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Charlotte Perkins Gilman (1860-1935)

and The Yellow Wallpaper

I. Her life
born in Hartford, Conn.,1860
her father deserting the family, which thereafter lived in frequent movement and in
near poverty
studying two years at Rhode Island School of Design,1878-80
marrying Charles Stetson, 1884
bearing her first daughter and suffering from postpartum depression, 1885
beginning treatment with Dr. Weir Mitchell, 1886
separating from Stetson and coming to California, 1888
getting divorced with Stetson, 1894
marrying George Houghton Gilman and beginning to live in NY, 1900
moving from NY to Norwich, Conn., 1922
diagnosed with breast cancer, 1932
moving to California and living with her daughter after Georges death, 1934
taking her own life, 1935

II. Her major works:

The Yellow Wallpaper,
Women and Economics,
Concerning the Children,
The Home, 1904
Human Work, 1904
Man-made World, 1911
Herland, 1915
His Religion and Hers, 1923

III. The Yellow Wallpaper (1892)

*The inspiration:
Charlottes postpartum depression
the rest cure prescribed by Dr. Mitchell

from confinement to near insanity

The Yellow Wallpaper is a rich and intensive feminist analysis of the
norms of a patriarchal culture.
The story is a superb dramatization and relentless indictment of the
oppressions imposed on women by a patriarchal culture.
The Yellow Wallpaper is a presentation of how a woman undergoes
mental deterioration and finally loses her reason in the course of a rest
cure, prescribed for her depression.
Feminists now see the story as an unapologetic protest against societys
subjugation of women and praise its thematic depth.

IV. Whos behind the Bars?

A Deconstructive Reading of The Yellow Wallpaper

1. Sanity and Insanity
2. Freedom and Bondage
3. Male and Female

One of Jacques Derridas major strategies in invalidating logocentrism
is to subvert the numerous binary oppositionslike truth/error, speech/
writing, and male/femalewhich are essential structural elements in
logocentric language. Such oppositions constitute a tacit hierarchy, in
which the first term functions as privileged and superior and the second
term as derivative and inferior. By subverting this hierarchy, Derrida
refutes what he calls an ultimate referenta self-certifying and selfsufficient ground, available to us totally outside the play of language itself,
that is directly present to our awareness and centers the structure of the
linguistic system, and as a result suffices to guarantee the coherence and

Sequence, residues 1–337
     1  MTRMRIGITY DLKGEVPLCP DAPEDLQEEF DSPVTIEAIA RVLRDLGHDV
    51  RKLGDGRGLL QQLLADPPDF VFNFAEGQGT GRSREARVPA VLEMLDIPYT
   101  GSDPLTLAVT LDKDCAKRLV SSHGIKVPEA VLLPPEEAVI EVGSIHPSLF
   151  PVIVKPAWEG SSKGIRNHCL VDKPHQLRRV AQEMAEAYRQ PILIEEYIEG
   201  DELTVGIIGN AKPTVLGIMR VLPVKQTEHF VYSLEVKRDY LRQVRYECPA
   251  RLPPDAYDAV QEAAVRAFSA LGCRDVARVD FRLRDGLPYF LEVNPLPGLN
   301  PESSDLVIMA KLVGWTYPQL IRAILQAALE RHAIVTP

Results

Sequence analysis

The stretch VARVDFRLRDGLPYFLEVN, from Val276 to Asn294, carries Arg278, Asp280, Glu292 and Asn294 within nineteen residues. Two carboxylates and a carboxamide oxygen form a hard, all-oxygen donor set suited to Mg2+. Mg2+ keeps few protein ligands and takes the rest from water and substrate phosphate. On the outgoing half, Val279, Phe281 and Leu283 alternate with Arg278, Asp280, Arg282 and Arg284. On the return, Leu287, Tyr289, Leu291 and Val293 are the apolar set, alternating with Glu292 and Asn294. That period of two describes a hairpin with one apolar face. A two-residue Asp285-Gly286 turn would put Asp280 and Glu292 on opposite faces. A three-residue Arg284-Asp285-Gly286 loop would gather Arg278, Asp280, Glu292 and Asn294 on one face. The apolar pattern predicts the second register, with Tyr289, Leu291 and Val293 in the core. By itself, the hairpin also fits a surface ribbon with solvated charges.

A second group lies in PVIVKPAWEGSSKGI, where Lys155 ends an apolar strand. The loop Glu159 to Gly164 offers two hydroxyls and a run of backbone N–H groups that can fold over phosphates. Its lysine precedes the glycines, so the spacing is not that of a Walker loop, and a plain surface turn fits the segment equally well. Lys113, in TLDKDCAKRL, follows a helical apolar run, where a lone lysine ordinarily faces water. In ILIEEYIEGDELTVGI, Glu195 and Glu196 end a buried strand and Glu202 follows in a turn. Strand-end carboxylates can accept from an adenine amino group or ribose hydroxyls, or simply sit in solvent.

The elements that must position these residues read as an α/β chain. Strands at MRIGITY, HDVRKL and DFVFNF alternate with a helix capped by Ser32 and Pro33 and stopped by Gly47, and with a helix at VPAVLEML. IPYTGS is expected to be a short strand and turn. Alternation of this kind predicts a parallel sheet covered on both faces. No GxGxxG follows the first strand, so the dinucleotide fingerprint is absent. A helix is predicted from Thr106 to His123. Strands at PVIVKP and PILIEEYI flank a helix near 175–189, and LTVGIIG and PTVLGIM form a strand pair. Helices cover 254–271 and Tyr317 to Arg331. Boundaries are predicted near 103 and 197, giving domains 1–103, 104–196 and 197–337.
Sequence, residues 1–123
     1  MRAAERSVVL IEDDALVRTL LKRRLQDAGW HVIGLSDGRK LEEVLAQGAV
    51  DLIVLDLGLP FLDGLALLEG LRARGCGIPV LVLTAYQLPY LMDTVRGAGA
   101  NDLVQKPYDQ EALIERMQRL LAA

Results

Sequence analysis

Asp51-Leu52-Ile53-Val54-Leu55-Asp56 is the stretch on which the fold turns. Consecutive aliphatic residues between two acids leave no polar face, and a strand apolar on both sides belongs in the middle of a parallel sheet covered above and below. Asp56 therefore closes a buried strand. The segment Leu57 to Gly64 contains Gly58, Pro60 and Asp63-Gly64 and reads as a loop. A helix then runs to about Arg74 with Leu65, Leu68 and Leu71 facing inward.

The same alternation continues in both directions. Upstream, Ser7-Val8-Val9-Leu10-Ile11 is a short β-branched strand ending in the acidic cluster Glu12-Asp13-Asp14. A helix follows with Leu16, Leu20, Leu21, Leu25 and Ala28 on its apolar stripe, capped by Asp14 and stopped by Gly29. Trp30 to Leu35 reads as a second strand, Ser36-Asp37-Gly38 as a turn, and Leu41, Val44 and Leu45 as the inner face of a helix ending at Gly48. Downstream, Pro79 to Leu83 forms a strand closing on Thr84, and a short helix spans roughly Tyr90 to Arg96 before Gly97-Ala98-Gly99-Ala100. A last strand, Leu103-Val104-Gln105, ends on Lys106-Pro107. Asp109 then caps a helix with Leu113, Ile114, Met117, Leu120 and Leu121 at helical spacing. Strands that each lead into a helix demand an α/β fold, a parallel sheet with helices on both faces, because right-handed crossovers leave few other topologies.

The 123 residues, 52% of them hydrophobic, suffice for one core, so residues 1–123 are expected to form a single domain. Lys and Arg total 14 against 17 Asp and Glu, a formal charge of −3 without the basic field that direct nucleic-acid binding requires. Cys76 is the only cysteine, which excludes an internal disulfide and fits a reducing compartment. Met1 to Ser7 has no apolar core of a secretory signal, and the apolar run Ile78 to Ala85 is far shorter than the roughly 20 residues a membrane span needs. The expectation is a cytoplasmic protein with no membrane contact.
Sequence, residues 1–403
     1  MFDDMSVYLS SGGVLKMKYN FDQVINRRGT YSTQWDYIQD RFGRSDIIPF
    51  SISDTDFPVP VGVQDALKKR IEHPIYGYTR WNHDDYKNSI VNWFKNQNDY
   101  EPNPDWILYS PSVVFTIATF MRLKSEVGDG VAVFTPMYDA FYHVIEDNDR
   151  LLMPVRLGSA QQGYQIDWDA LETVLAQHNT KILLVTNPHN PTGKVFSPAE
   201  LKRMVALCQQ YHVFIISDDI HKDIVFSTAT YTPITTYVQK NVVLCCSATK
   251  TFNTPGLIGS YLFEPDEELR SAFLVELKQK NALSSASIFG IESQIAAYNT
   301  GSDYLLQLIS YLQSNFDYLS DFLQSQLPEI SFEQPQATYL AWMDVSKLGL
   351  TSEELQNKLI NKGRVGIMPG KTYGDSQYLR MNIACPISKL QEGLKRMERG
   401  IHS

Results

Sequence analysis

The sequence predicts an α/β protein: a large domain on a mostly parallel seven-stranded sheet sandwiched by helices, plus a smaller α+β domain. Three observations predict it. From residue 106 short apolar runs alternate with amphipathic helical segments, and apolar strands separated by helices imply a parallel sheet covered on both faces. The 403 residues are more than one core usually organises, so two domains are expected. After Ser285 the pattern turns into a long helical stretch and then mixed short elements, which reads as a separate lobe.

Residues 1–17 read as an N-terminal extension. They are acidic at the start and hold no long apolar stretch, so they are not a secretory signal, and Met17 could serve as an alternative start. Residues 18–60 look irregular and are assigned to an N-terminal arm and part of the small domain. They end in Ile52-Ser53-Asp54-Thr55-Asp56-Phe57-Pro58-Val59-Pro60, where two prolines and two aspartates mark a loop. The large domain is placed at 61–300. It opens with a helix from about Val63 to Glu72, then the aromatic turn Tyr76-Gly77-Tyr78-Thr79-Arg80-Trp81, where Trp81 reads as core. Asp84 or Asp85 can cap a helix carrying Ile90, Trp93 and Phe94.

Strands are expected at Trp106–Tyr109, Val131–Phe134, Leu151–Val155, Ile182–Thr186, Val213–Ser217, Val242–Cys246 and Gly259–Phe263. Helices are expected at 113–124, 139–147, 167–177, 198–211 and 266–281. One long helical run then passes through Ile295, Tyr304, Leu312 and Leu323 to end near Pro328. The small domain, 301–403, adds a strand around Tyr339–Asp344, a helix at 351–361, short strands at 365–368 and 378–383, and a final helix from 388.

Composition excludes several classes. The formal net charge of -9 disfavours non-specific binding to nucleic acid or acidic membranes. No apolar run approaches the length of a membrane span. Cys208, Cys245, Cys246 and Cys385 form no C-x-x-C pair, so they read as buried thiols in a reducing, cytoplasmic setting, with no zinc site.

determinate meanings of any spoken and written utterance within that

Thesis statement:
The Yellow Wallpaper, by a play of internal counter-forces,
disseminates into a range of self-conflicting significations and
its meaning is not so determinate as to justify an unequivocal
feminist reading.

1. Sanity and Insanity

1) The narrator may be insane in the first place:
A. She is not able to know her sickness;
B. She feels the old mansion haunted and hateful;
C. She begins to see illusions from the very start.
2) The narrator may remain sane throughout:
A. She keeps her diaries in neat order;
B. Her acts on the last day are well planned and strategic
Conclusion for Part 1: the distinction between the narrators sanity and
insanity is not so clear as most readings have tried to reveal.

2. Freedom and Bondage

1) The story dramatizes the theme of women being suppressed and struggling
for freedom:
A. The narrator sees underneath the wallpaper a woman behind bars;
B. She sets the woman free by stripping off the wallpaper.
2) The story is not a celebration of womens liberation:
A. The narrator enjoys considerable freedom at first;
B. She is not really free ultimately.
Conclusion for Part 2: Freedom and bondage are relative and intertwined in
the story, there being no marked boundaries between them.

3. Male and Female

1) Gender differences give rise to the tension between the couple:
A. John is a physician, works in town, and occasionally assumes
supremacy over his wife;
B. The narrator has to stay at home and accept the rest cure.
2) Gender roles are not fixedly delineated and allow of change:
A. Jennie performs Johns function in his absence;
B. John behaves as a woman by fainting and collapsing onto the floor.
Conclusion for Part 3: The frontier between genders is not easy to pin down
and it may be transgressed.

The warring forces of signification within The Yellow Wallpaper
make almost impossible a convenient and correct reading of it; rather, it is
capable of various interpretations. The texts treatment of the three pairs of
binary oppositions may suggest, among others, that the very demarcation
between sanity and insanity is arbitrary and all humans are sane and
insane at once, that freedom and bondage are inseparable and absolute
freedom is unavailable to mankind, and that gender tensions are not so
difficult to ease and erase as those between people at large. Viewed in this
respect, the story is more of a presentation of humanitys dilemma than a
feminist one and the woman the narrator sees behind the bars may as well
be any other human being.